The Census Bureau should explore opportunities for developing and maintaining a better inventory of group quarters, and possibly reducing the amount of work that is invested in updating cases after they have been assigned to a field representative. For example, the ACS office could take advantage of the successful partnerships already in place between other Census Bureau divisions and state demographic offices and other local entities. These relationships could be expanded to better meet ACS sampling frame needs. Collaborations with other federal statistical agencies and organizations that also collect data about residents of various group quarters could be explored as a source of updates to the sampling frame.

Sample Allocation and Selection

The current ACS sample design is suitable for producing estimates of the characteristics of the household population for small-area geographies, but it is not optimized for substate estimates of the GQ population. Even though the Census Bureau does not intend to release detailed characteristics of GQ residents for small geographic areas, GQ data are included in the total population estimates. The Census Bureau should evaluate the current sample allocation rates at the state and substate levels, as well as the subsampling rates in large group quarters, to determine whether there are opportunities for a more efficient design.

Weighting and Estimation

Similar to problems with the sample design, the current group quarters weighting and estimation procedures for group quarters populations are not optimized for small-area estimates. The ACS substate samples are highly variable, particularly by GQ type, and some geographic entities with known GQ facilities have none represented in the sample. If the sample for a smaller area does not include group quarters, the state-level nonresponse adjustment factors and population controls will disproportionately increase the weights of group quarters in other areas. When the 5-year data are released for smallareas, in many cases the estimates will not reflect local reality. The Census Bureau should:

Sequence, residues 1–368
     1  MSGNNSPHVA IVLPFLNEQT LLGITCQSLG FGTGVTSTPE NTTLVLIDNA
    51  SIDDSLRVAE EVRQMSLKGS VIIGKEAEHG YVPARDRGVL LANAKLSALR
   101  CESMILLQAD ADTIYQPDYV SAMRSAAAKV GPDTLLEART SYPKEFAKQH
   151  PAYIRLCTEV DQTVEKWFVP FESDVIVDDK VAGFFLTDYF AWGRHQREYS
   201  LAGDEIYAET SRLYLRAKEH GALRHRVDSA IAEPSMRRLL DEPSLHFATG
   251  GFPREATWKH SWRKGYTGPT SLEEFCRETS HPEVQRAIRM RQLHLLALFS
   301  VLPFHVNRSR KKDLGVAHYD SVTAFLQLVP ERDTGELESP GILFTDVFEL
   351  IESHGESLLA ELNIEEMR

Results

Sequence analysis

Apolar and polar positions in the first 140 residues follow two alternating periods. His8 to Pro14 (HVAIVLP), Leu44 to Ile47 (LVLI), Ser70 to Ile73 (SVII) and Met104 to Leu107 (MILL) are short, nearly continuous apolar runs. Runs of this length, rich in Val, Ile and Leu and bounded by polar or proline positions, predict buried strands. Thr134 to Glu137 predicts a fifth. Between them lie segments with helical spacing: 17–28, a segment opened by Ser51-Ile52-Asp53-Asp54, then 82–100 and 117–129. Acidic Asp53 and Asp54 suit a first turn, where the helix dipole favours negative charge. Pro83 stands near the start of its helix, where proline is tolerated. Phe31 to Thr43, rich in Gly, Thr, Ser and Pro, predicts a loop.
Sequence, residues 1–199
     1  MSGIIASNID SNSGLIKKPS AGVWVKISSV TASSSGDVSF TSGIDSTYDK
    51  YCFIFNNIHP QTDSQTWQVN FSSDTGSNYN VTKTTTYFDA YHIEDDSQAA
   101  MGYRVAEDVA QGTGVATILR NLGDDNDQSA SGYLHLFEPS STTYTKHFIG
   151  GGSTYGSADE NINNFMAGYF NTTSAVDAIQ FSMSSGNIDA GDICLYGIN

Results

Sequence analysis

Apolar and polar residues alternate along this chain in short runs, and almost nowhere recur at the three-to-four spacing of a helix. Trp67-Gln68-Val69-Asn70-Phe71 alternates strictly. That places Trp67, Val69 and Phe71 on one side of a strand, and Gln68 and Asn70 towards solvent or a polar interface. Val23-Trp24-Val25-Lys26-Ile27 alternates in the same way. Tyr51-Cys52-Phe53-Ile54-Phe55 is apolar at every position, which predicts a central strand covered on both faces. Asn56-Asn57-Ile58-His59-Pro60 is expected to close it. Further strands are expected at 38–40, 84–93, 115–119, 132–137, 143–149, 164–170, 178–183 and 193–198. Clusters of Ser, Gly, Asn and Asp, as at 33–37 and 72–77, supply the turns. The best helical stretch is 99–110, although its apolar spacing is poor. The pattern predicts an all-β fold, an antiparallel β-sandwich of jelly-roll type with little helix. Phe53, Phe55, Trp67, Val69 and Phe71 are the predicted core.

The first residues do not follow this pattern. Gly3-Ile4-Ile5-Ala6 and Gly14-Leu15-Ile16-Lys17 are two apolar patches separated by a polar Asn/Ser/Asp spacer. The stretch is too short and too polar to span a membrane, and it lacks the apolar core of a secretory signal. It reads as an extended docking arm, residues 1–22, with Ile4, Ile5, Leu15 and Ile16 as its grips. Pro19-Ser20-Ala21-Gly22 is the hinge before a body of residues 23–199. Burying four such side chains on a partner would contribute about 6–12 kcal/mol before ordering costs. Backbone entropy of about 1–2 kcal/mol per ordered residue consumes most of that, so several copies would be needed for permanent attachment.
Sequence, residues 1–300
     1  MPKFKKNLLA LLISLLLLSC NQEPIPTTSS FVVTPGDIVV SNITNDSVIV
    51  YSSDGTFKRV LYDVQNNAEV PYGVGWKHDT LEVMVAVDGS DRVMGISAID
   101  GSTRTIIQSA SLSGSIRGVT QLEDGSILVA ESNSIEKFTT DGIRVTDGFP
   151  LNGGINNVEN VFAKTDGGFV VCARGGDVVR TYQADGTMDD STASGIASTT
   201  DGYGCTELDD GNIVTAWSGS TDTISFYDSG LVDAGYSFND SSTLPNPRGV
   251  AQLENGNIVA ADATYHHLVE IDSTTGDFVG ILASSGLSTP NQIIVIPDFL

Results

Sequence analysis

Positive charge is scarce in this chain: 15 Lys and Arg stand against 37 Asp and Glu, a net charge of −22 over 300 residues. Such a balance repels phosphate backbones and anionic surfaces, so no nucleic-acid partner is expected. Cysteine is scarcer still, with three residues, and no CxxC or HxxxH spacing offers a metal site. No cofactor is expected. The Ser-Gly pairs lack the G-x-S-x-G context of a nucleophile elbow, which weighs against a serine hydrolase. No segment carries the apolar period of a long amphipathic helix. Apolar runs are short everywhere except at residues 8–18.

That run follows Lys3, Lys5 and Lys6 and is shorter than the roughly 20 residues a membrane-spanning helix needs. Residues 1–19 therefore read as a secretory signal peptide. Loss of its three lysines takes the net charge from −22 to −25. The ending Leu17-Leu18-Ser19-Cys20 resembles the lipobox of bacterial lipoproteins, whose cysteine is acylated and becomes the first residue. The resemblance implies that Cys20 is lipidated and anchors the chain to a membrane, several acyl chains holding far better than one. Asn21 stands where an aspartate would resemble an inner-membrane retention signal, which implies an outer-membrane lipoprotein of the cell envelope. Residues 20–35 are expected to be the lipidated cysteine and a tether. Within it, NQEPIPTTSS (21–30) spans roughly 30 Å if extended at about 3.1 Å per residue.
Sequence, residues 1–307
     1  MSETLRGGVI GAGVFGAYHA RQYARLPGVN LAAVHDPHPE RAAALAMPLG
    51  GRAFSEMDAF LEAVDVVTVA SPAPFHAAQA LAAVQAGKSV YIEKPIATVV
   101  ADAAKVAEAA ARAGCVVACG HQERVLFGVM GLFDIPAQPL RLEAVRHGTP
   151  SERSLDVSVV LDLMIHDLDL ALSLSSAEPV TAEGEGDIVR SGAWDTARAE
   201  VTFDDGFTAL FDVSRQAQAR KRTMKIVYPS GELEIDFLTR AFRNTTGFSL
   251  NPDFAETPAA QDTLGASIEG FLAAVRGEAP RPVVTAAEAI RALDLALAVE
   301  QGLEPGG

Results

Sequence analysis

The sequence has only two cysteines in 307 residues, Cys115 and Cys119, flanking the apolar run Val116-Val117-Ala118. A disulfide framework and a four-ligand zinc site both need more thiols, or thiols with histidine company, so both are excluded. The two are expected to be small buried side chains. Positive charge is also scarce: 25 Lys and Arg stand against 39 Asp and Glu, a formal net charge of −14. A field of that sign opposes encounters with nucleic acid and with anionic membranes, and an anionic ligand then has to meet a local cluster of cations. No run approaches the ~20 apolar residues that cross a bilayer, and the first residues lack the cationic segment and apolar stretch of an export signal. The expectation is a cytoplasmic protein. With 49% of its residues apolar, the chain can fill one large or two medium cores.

• Conduct an evaluation to better understand the quality of the estimates affected by group quarters and the effects of the population controls on these estimates.

  • Evaluate alternative approaches for producing estimates for areas in which the quality of the direct estimates is in question.

  • Clearly label data tables and other data products that may be affected by the presence of group quarters in a geographic area.

Suggested Citation:"Executive Summary." National Research Council. 2010. Measuring the Group Quarters Population in the American Community Survey: Interim Report. Washington, DC: The National Academies Press. doi: 10.17226/13075.
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Page 1
Suggested Citation:"Executive Summary." National Research Council. 2010. Measuring the Group Quarters Population in the American Community Survey: Interim Report. Washington, DC: The National Academies Press. doi: 10.17226/13075.
×
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Following several years of testing and evaluation, the American Community Survey (ACS) was launched in 2005 as a replacement for the census "long form," used to collect detailed social, economic, and housing data from a sample of the U.S. population as part of the decennial census. During the first year of the ACS implementation, the Census Bureau collected data only from households. In 2006 a sample of group quarters (GQs) -- such as correctional facilities, nursing homes, and college dorms -- was added to more closely mirror the design of the census long-form sample.

The design of the ACS relies on monthly samples that are cumulated to produce multiyear estimates based on 1, 3, and 5 years of data. The data published by the Census Bureau for a geographic area depend on the area's size. The multiyear averaging approach enables the Census Bureau to produce estimates that are intended to be robust enough to release for small areas, such as the smallest governmental units and census block groups. However, the sparseness of the GQ representation in the monthly samples affects the quality of the estimates in many small areas that have large GQ populations relative to the total population. The Census Bureau asked the National Research Council to review and evaluate the statistical methods used for measuring the GQ population.

This book presents recommendations addressing improvements in the sample design, sample allocation, weighting, and estimation procedures to assist the Census Bureau's work in the very near term, while further research is conducted to address the underlying question of the relative importance and costs of the GQ data collection in the context of the overall ACS design.